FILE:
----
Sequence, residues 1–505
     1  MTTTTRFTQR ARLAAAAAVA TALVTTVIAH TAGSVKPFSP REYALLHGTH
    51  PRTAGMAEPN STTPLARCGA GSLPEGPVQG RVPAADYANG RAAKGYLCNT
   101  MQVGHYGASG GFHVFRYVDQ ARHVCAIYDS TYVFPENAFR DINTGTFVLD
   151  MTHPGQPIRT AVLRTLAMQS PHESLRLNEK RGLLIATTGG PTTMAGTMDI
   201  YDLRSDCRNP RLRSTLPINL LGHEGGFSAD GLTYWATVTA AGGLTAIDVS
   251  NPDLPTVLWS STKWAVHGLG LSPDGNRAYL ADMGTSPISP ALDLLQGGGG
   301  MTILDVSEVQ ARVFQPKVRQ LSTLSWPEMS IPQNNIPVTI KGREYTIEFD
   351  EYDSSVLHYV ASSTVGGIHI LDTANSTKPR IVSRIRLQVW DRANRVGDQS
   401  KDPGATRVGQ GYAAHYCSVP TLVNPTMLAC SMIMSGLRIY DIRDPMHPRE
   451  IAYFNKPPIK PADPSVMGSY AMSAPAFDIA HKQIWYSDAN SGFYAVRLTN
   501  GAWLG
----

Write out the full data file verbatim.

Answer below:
Sequence, residues 1–505
     1  MTTTTRFTQR ARLAAAAAVA TALVTTVIAH TAGSVKPFSP REYALLHGTH
    51  PRTAGMAEPN STTPLARCGA GSLPEGPVQG RVPAADYANG RAAKGYLCNT
   101  MQVGHYGASG GFHVFRYVDQ ARHVCAIYDS TYVFPENAFR DINTGTFVLD
   151  MTHPGQPIRT AVLRTLAMQS PHESLRLNEK RGLLIATTGG PTTMAGTMDI
   201  YDLRSDCRNP RLRSTLPINL LGHEGGFSAD GLTYWATVTA AGGLTAIDVS
   251  NPDLPTVLWS STKWAVHGLG LSPDGNRAYL ADMGTSPISP ALDLLQGGGG
   301  MTILDVSEVQ ARVFQPKVRQ LSTLSWPEMS IPQNNIPVTI KGREYTIEFD
   351  EYDSSVLHYV ASSTVGGIHI LDTANSTKPR IVSRIRLQVW DRANRVGDQS
   401  KDPGATRVGQ GYAAHYCSVP TLVNPTMLAC SMIMSGLRIY DIRDPMHPRE
   451  IAYFNKPPIK PADPSVMGSY AMSAPAFDIA HKQIWYSDAN SGFYAVRLTN
   501  GAWLG